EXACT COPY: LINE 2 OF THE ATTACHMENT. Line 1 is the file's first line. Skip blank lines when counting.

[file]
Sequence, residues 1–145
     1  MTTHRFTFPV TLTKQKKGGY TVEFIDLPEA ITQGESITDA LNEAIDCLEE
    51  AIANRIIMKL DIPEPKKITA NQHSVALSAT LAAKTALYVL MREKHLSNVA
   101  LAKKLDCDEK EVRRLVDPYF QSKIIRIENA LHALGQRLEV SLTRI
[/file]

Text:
     1  MTTHRFTFPV TLTKQKKGGY TVEFIDLPEA ITQGESITDA LNEAIDCLEE